The proposal to phase out coal includes shutting down the coal-burning Spruce 1 plant by 2028, while Spruce 2 would operate through 2065 as a gas plant. Both are located along Calaveras Lake. These recommendations would require approval from the Electric Reliability Council of Texas (ERCOT) before moving forward.  

To power the city through 2030, the utility’s rate advisory committee recommended its plan to combine natural gas, solar, wind and energy storage. The utility’s rate advisory committee recommended the Portfolio 2 (P2) plan which alternatively focuses on renewable energy and a hard transition from gas-generated power. One of the benefits of the P2 is that it is one of the lower-cost portfolios, especially in extreme weather. P2 also will require continuous evolution to meet the city of San Antonio’s 2040 Climate Action and Adaptation Plan target.  

The city of San Antonio has a plan to be carbon-neutral by 2050, and the utility states growth in the community would require an additional 115 megawatts per year of power. 

The CPS Energy Board of Trustees will discuss the rate advisory committee's recommendations at a special meeting on Jan. 23.  

Strategic Partnerships welcomes Barr and Gray to consulting team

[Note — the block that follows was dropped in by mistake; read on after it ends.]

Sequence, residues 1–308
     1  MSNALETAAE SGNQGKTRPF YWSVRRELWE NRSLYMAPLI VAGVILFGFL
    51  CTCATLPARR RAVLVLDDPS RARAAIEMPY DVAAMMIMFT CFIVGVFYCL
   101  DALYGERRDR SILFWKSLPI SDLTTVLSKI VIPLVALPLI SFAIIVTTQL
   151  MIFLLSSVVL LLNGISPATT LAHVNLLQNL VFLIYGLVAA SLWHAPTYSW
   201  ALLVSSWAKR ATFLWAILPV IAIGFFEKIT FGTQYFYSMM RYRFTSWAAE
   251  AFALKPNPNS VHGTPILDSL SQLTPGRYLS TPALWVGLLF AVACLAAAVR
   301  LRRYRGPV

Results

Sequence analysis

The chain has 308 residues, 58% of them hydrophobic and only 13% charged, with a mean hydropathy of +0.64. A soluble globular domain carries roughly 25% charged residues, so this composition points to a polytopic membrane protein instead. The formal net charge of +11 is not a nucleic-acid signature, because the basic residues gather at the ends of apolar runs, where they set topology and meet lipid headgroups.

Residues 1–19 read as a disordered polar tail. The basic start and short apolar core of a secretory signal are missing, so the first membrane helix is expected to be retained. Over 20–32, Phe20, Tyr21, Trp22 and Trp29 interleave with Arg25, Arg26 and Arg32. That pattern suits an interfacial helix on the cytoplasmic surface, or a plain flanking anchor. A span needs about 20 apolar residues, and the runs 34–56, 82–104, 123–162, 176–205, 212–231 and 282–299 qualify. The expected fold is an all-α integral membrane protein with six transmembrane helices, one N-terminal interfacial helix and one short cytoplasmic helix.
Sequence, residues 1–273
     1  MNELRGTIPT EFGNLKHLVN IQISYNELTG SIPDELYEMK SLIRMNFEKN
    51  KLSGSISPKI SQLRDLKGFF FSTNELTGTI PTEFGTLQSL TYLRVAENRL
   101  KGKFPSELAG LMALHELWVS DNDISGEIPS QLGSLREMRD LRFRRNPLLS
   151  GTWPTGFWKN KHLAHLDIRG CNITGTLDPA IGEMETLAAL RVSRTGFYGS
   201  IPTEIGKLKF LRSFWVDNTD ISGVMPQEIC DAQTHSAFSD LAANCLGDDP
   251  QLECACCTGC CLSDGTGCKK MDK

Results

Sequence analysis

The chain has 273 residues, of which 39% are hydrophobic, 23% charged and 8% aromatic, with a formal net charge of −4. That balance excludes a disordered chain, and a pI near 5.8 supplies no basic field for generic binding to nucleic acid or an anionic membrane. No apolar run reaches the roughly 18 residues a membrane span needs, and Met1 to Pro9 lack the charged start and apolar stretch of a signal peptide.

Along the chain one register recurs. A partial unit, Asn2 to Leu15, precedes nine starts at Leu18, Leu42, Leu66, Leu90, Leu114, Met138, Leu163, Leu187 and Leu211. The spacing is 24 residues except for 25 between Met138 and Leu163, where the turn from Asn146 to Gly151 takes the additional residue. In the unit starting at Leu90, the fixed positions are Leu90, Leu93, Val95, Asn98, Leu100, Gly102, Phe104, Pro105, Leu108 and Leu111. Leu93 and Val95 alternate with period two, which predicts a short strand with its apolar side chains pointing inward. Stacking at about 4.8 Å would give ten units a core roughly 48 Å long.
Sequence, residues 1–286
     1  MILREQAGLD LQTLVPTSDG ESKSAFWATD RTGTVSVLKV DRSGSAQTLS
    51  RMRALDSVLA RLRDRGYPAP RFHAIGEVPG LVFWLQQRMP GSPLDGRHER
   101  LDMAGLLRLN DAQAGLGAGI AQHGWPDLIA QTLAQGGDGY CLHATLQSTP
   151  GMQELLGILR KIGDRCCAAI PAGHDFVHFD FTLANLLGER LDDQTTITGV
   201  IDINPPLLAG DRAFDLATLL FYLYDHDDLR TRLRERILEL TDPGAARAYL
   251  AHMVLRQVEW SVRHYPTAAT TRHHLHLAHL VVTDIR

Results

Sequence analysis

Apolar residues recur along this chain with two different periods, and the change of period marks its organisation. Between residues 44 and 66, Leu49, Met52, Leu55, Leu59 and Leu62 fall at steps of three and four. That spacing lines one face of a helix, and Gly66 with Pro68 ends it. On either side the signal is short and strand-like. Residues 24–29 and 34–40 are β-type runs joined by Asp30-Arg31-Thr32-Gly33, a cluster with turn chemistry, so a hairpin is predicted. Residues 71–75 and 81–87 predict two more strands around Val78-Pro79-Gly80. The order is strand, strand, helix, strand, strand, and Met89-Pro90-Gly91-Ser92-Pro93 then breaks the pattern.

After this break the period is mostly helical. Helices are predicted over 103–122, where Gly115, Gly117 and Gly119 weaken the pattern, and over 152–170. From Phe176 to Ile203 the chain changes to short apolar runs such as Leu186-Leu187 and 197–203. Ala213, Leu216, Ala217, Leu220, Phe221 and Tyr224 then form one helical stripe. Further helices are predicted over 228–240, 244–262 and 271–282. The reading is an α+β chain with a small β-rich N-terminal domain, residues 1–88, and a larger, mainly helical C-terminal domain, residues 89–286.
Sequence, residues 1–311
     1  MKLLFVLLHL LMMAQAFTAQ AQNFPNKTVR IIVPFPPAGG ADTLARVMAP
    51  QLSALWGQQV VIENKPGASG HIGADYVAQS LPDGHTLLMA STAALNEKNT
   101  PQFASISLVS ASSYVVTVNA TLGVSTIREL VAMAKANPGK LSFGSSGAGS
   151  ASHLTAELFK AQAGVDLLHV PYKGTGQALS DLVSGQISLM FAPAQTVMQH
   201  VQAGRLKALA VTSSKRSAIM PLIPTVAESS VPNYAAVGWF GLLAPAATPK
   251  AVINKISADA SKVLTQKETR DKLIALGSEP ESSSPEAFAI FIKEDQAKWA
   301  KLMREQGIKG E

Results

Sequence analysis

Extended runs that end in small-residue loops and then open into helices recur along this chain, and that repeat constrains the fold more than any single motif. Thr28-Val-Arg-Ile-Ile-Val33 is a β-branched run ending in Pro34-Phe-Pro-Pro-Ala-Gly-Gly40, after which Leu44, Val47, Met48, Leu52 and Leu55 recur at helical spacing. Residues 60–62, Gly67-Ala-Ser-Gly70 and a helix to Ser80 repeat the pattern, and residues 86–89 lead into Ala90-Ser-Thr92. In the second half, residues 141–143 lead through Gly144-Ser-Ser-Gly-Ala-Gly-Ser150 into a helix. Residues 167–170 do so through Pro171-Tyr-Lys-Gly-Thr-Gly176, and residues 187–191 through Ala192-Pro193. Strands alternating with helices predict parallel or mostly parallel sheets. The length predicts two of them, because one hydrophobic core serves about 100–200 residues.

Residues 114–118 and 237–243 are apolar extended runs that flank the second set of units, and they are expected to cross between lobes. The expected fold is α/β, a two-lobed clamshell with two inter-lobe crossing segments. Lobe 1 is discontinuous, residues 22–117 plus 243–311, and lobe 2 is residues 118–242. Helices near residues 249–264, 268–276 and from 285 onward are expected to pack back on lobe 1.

Kenneth Barr is a governmental relations/public affairs consultant who works on projects primarily at the local and regional levels.

Kenneth was elected Mayor of Fort Worth four times, serving from 1996 until retiring in 2003. Before being elected Mayor he served three years as a council member.  

Currently, he is an elected member of the Board of Trustees of Tarrant County College (TCC), is Vice President of the board and represents TCC on the TCC Foundation board. TCC is a six-campus community college with almost 100,000 students enrolled annually.

From 2008 to 2019 he was a member and Chairman of the Board of the North Texas Tollway Authority (NTTA). NTTA operates more than 1,000 lane miles of toll roads, bridges and tunnels across the Dallas/Fort Worth region.

Currently, he is the Chairman of the Board of Trustees of Medical City Fort Worth Hospital and the immediate past Chair of the Real Estate Council of Greater Fort Worth. 

Kenneth is a past chairman of the North Texas Commission and Fort Worth Sister Cities International. He is a former Chairman of the Texas Municipal League, president of the Exchange Club of Fort Worth and the Rotary Club of Fort Worth.

Kenneth will bring great capabilities to the SPI Team and his clients.